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Regulations, Policies, and Procedures

Canning Fresh Foods for Sale or Service

Joint publication of the Minnesota Department of Agriculture, the Minnesota Department of Health, and University of Minnesota Extension


Does your menu include fresh food items canned in your facility or do you sell these items in your business? Are you planning to expand your menu or business to include fresh food items canned in your facility?

If so, there are a number of food safety and regulatory requirements to consider. Many of these requirements are the same whether the fresh foods come from your regular commercial sources, or from new sources of locally produced food. If you would like to sell your salsas, jams, or pickles as retail items as well as serving them, other regulations may apply.

This fact sheet provides a brief discussion of these food safety and regulatory issues, and links to websites for more information.

Regulation and Licensure

Before changing your menu or expanding your business by using new foods or methods, you should always check with the state or local regulatory authority that licenses and inspects your facility. They can help you to determine whether there are training, licensing, or permit requirements that you must follow before expanding your business or menu.

Find state and local licensing contacts through the MDH website.

Product, Facility, and Equipment

Based on the product(s) and the recipes you provide for those products, your licensing authority can also help you to determining whether you have the space for storage and production of those food items, and if you need additional commercial equipment for processing or storage.

Approved source

The Minnesota Food Code requires that all food sold or served to the public must be obtained from an approved source. Produce for canning may be purchased from any approved supplier or directly from an unlicensed grower, if the food is grown on the seller's own or rented land. (MN Food Code: Minnesota Rules, Chapter 4626)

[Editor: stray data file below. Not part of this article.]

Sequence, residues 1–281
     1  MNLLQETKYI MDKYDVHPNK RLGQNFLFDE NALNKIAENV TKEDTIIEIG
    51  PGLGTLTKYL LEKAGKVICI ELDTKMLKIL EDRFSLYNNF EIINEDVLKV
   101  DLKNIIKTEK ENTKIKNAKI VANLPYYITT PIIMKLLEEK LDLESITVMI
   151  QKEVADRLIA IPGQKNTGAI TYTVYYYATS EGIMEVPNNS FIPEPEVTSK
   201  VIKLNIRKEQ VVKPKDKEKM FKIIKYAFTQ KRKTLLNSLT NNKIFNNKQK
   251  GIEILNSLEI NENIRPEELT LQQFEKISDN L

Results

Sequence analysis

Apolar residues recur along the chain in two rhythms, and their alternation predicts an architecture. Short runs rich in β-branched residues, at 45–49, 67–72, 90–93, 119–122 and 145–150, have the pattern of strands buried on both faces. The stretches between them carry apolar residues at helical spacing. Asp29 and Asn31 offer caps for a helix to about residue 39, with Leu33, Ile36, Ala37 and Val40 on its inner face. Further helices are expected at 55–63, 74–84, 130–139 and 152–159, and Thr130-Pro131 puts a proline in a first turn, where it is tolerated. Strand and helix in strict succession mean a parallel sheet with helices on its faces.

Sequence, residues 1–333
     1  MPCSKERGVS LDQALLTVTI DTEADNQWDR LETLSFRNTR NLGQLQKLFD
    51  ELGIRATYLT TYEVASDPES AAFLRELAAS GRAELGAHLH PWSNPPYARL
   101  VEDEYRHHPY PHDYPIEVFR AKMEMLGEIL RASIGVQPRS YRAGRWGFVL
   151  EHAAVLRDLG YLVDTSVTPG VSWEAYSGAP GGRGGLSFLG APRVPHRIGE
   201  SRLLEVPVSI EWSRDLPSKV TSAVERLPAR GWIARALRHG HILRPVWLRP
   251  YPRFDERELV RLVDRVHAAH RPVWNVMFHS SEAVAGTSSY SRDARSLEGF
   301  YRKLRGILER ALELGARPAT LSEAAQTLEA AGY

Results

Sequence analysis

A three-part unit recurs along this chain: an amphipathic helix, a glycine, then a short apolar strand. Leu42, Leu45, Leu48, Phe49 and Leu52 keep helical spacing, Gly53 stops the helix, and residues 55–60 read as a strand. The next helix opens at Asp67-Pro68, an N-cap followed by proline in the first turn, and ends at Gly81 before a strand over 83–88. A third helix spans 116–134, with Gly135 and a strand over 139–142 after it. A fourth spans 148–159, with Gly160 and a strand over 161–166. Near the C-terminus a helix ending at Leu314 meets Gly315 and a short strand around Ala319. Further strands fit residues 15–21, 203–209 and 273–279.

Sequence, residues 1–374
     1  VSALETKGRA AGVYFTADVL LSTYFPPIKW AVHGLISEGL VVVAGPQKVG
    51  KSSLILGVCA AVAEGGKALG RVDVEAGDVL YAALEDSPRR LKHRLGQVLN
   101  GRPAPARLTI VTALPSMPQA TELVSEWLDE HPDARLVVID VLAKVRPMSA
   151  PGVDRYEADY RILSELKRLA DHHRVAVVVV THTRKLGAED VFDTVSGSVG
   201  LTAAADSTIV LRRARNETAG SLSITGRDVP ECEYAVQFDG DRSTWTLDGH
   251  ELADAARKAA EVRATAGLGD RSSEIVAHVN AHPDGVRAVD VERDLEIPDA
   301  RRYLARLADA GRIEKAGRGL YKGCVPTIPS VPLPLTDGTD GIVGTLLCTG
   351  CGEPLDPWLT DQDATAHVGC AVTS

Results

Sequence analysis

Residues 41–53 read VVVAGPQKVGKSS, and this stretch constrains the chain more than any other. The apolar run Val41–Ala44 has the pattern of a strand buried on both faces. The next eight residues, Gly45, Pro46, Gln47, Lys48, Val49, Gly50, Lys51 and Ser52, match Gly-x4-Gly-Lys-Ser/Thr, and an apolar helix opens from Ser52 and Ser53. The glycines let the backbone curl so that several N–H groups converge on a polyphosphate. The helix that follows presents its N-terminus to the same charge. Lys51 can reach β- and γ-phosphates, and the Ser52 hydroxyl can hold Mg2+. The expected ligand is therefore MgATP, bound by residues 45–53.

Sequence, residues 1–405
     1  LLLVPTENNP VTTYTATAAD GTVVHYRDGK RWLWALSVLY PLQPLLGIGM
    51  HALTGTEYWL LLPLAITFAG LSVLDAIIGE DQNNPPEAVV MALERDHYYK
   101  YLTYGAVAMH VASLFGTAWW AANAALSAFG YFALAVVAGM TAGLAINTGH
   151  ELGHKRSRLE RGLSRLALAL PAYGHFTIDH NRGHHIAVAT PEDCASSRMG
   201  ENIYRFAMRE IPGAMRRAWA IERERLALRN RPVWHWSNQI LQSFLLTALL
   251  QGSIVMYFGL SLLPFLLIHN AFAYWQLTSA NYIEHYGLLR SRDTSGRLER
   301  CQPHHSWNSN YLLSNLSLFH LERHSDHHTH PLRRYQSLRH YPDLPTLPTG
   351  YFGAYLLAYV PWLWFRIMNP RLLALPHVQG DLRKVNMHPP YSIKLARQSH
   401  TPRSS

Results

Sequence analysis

Note: Food prepared or stored in a private home or an unlicensed facility may not be served or sold in any food establishment, except as allowed by Minnesota Statutes, Sections 28A.15 and 157.22, clauses (6) and (7) which are specific farmers market exclusions including the pickle bill.

Acid and Acidified Foods

Acidity may be natural, as in most fruits, or added, as in pickled food. Low-acid, canned foods are not acidic enough to prevent the growth of bacteria. Low-acid foods have pH values higher than 4.6 and include most vegetables. Acidity can be increased, or pH can be lowered (acidifying), by adding lemon juice, citric acid, or vinegar.

Naturally acid foods contain enough acid to block bacterial growth, or destroy them more rapidly when heated. Acid foods have a pH of 4.6 or lower and include most fruits.

Although tomatoes are a fruit and are usually considered an acid food, some varieties are now known to have pH values slightly above 4.6. Thus, extra precautions must be taken when processing tomato-based foods.

Adding vegetables to naturally acid foods will normally raise the pH above 4.6 and can make the canned product unsafe. For example, adding cilantro, corn, beans, or peppers to tomatoes can raise the pH of the salsa. One solution is to use a tested tomato salsa recipe and to add fresh ingredients for a particular day's service.


Canning Advice

Our canning section has extensive advice and recipes, including these basic reminders:

Standards of Identity

Canned fruit items must meet designated standards of identity. For example, the required soluble solids contents for fruit butter is not less than 43%; for jelly, jams, and preserves, not less than 65%. These are measured using an instrument called a refractometer or through laboratory testing (21CFR 150).

Additional Resources for Canners

Basic Food Safety Requirements

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Reviewed 2012

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